I met Gary Katzen right after walking in and just started talking. I thought I already knew him, but I didn’t. We Facebook friended on the spot and he showed me his display of 1800’s milk glass. What a nice guy with a sense of humor and a fantastic, extremely unique and historic collection. I took this photograph before Gary won Best in Show and Peoples Choice Awards. Well deserved. I was intrigued by many fascinating items, but the sex club bottle was the bomb. Can’t see it? Let’s blow it up:


Gary said, “What, you think they didn’t have sex in the 1800’s?” I was busy thinking of everything existing in black and white, and prissy Victorian ladies in large hooped skirts and suffocating corsets with upturned noses, knowing it was extremely questionable if I would have gotten any back then, but agreed with Gary.



If you aren’t familiar with how stained and hazy dug bottles are cleaned to their original luster, meet Wayne Lowry, the Jar Doctor who came all the way from Kansas City, Missouri. www.jardoctor.com Wayne learned of using aluminum oxide to polish bottles back when it was a secret in the late 1960’s. He ingeniously revolutionized the process by designing a bottle tumbling machine. The bottles are held fast and copper pellets, which are softer than glass, bear weight against the aluminum oxide, along with water and the out of the ground hazed bottles are turned at different RPM with different grade oxide until they look like the day they were blown. I order my polishing oxide from Wayne, but I use a coat hanger with a crimped cotton cloth tip and polish with elbow grease for cleaning bottles that might have a small stain or two. Wayne and I discussed the softness of early 1820’s glass compared to the first real hard glass of the 1880’s and the different oxides one would use. I didn’t see Wayne last year, but was delighted to meet him now.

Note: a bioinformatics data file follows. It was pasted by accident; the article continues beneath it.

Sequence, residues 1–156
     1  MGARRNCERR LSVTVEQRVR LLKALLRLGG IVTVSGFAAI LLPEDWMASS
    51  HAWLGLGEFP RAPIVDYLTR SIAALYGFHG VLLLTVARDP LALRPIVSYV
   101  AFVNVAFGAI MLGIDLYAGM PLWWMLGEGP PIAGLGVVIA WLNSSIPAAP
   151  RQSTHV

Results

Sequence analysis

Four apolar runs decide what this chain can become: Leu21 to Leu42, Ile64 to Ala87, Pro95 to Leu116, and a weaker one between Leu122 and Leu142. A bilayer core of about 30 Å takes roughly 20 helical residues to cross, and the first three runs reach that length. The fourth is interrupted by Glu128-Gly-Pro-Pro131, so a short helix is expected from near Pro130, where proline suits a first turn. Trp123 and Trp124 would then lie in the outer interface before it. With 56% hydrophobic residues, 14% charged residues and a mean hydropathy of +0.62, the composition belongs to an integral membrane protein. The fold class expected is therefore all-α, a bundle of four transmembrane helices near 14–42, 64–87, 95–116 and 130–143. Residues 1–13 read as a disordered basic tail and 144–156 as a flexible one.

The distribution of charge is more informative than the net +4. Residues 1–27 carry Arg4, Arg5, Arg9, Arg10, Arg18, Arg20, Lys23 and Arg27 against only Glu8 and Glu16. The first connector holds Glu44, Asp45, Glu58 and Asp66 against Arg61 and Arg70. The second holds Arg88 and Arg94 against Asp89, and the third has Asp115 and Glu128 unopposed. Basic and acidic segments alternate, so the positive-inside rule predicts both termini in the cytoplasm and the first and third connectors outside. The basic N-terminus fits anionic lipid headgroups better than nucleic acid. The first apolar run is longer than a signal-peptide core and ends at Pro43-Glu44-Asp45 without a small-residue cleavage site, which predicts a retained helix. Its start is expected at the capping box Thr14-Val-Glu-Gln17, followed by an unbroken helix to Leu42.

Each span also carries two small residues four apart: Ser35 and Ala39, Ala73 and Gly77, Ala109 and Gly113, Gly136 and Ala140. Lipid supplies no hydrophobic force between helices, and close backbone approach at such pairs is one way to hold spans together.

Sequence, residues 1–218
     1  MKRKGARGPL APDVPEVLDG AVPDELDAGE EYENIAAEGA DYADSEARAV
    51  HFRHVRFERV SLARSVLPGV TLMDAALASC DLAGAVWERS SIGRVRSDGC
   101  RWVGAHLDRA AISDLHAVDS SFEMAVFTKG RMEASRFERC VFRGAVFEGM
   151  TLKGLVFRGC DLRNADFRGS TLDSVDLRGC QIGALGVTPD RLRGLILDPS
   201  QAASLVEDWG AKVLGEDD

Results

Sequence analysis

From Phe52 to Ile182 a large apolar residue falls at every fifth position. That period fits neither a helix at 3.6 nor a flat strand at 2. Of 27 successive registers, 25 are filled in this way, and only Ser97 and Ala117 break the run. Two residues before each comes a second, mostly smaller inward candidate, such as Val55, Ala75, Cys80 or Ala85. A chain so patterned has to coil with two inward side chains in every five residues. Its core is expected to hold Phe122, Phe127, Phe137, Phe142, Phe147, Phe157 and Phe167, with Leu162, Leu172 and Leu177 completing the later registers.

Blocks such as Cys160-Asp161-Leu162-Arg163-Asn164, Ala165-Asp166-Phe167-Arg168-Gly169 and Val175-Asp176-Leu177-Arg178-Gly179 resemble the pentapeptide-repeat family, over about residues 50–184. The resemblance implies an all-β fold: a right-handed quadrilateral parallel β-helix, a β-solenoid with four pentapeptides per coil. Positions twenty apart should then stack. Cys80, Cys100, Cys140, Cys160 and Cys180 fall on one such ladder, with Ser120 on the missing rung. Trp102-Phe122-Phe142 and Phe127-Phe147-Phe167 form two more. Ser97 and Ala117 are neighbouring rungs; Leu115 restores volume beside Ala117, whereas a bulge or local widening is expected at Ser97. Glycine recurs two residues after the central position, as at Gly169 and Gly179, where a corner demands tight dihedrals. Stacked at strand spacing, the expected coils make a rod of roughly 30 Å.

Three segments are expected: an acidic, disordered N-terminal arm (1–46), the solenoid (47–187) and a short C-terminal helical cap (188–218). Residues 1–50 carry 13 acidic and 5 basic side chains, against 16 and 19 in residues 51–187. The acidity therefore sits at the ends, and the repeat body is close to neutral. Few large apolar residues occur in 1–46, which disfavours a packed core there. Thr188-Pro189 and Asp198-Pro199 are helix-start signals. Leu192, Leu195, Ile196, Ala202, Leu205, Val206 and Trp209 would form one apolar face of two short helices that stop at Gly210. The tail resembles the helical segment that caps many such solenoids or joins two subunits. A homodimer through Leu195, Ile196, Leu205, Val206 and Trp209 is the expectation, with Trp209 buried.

Bob and Cathy Barenski. I met Bob at Shupp’s Grove last summer and it was great to meet his smiling other half now. A wonderful and happy couple with fantastic glass. They helped me talk myself into pulling the trigger on a flask I really wanted and had come to the show hoping to find. It wasn’t a difficult process.


Michael Anderson, of Albany, New York. Mike has a renowned figural bottle collection and had a few for sale at his table. I love the cobalt blue one with the painted head, it really stands out.



Coming across Greg Bair’s table was a real treat. Greg had an amazing bit of everything. I asked he and Maureen Crawford to hold up a bubbly, crude, 1860’s honey amber coffin flask. Greg had the largest ancient Roman bottles and glass I have seen outside a museum.



The 2000 year old irridescence is stunning. The glass is literally decomposing and returning to sand. Completely biodegradeable. Amazing patina with breathtaking age.


Always happy to see David Olsen. Dave’s a traveling picking, ‘on the road’ bottle guy. He finds amazing and unique items. A frequently asked question on the Bottle Collectors page on Facebook is, “What state’s Dave in now?


With Rick Ciralli, one of the foremost minds on New England glass. I first purchased from Rick back in 1998. Rick and the other foremost mind in New England glass, Michael George, were sharing a table. The glass on that table was amazing.